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June 01, 2007  |   Comments (0)   |   Post a comment

Pioneering Plug-In Hybrids

Pupil transporters across the country are taking delivery of the first wave of plug-in hybrid school buses. Officials involved with the project expect significant reductions in fuel use, emissions and even brake wear.

by Thomas McMahon, Managing Editor


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From a maintenance standpoint, there is an isolated cooling system for the hybrid components, so the coolant in that reservoir needs to be checked regularly. For safety, high-voltage cabling is clearly marked in orange, and there is a manual high-voltage cutoff switch.

The hybrids are equipped with International's AWARE GPS system, allowing operators to track their performance as well as their location.

In particular, Manatee County is monitoring fuel usage, idle time, amount of time for brake depressions and number of stops. The hybrids are being alternated with non-hybrid control buses on certain routes to further gauge their success.

Ross couldn't yet report an average miles-per-gallon figure for the hybrids, but he says that they are definitely seeing a positive increase in fuel economy.

The district also installed meters to record the actual hours and costs of charging the hybrids. The buses are plugged into the electrical grid at night and between morning and afternoon runs. Ross says that it takes two-and-a-half to three hours to give the vehicles a full charge.

Later in March, Jennings Transportation, a contractor in Nazareth, Pa., received the third unit of the 19 plug-in hybrids that have been awarded in the Advanced Energy project. Like Manatee County, Jennings will be tracking the performance of its hybrid and will compare it to that of a control bus on the same route.

"We're going to make sure that all the information we're reporting is accurate," says Meghan Ochs, Jennings' communications and special projects director. "Plug-in technology is perfect for school buses, but we need it to be more commercially viable."

Weighing costs
For now, the prohibitive factor for the hybrids is their cost — about $200,000 — but officials involved in the project expect that to come down significantly.

The current price is about a $140,000 premium over the cost of a regular Type C school bus. Pritchard says that the goal is to reduce it to a premium of about $40,000.

IC Marketing Director David Hillman says that one of the keys to success for the hybrid school buses will be government agencies providing grants and tax incentives to help operators acquire the vehicles.

In the case of Jennings Transportation, the company received a grant of $112,000 from the Pennsylvania Department of Environmental Protection. Manatee County received a grant of $50,000 through Advanced Energy for its two hybrids. In addition to the bus costs, the district spent about $10,000 on installing special outlets for plugging in the vehicles and meters to record the electricity usage.

Of course, electricity isn't free either, but Pritchard says that it equates to buying diesel at just 40 to 80 cents per gallon.

Other options
In addition to the plug-in hybrid school bus, IC Corporation is offering a charge-sustaining hybrid, which recharges the batteries with regenerative braking and with the diesel engine. Company officials estimate that this type of hybrid can improve fuel economy by 30 to 55 percent.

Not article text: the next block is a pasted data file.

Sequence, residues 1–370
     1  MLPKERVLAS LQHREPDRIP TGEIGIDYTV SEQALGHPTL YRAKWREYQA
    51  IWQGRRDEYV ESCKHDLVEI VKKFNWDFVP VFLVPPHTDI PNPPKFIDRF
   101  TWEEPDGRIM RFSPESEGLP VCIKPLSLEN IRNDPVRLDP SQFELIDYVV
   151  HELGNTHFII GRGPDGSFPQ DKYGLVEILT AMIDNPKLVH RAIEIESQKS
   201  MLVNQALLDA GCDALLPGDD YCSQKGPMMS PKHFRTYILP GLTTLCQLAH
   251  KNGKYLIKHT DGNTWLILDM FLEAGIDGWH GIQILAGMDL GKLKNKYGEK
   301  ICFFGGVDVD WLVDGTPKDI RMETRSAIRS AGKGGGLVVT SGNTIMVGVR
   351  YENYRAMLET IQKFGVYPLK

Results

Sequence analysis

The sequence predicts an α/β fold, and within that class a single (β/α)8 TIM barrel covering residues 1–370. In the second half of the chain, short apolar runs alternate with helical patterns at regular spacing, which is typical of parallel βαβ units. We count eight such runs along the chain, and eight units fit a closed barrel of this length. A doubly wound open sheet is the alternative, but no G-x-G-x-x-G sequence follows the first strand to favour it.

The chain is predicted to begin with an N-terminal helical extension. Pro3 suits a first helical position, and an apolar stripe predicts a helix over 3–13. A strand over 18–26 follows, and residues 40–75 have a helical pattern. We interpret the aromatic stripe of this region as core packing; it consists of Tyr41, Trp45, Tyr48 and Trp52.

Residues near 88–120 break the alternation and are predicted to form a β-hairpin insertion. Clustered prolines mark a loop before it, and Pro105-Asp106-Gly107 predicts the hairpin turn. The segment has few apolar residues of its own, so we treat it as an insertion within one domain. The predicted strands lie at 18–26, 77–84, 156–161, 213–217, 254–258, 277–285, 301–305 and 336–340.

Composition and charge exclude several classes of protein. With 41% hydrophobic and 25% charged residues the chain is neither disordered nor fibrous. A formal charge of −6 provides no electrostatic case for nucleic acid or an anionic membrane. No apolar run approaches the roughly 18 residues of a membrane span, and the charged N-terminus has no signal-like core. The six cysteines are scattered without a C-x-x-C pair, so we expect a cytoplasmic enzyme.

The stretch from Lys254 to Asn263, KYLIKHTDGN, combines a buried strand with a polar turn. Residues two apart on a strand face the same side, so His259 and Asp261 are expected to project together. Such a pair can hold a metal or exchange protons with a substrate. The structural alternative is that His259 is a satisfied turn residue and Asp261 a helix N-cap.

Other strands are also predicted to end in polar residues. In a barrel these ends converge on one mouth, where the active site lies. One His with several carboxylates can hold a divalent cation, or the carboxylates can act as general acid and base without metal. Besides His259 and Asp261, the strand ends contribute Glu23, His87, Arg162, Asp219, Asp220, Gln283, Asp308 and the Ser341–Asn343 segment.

Also, Enova offers its hybrid system for retrofits as well as for new vehicles. Executive Vice President Mike Staran says that one of the key advantages of the company's system is that it is a "non-invasive solution." Specifically, it requires little or no modification to the chassis, body and instrument panel, and it doesn't intrude on the engine control/communication system.

Odyne Corp., a developer of plug-in hybrid powertrains, is working on applying its technology to school buses. In fact, CEO Roger Slotkin says that the company considers the school bus "one of the three best applications" for its plug-in hybrid system.

A group of six school districts in California is working with Odyne to develop 12 plug-in hybrid Type Ds that would be fueled with compressed natural gas rather than diesel. The group is seeking $3.25 million from the California Air Resources Board, among other entities, to help fund the endeavor.

Sam Armentrout, director of transportation for Madera (Calif.) Unified School District, which is involved in the CNG-hybrid project, says that in addition to the emissions reductions that the buses could achieve, they would "reduce our dependence on foreign oil and save us money. What two things could be better?"

What's next?
The 19 hybrids in the current phase of the project will be evaluated for about two years. The next step is to work on a larger purchase.

"They've only produced 19 of them, so cost is high now," Pritchard says. "The holy grail for us is getting 1,000 of these purchased — to get volume."

Hillman says that it may take a few years for hybrid school buses to be in widespread use, but he believes that as more people become educated on the advantages this technology can provide, widespread use will come.

"Only through early adoption by users will this technology be able to be worked into a commercial model," Hillman says.

While the long-term success of the project still faces challenges ahead, it is certainly off to a remarkable start.

Particularly impressive, Pritchard says, is that while other modes of transportation are looking to build plug-in hybrids, none appears to be as far along as the school bus industry. Even Toyota's popular Prius hybrid car likely won't be available as an OEM plug-in version until 2010.

"The school bus industry has lapped the rest of the transportation industry," Pritchard says.

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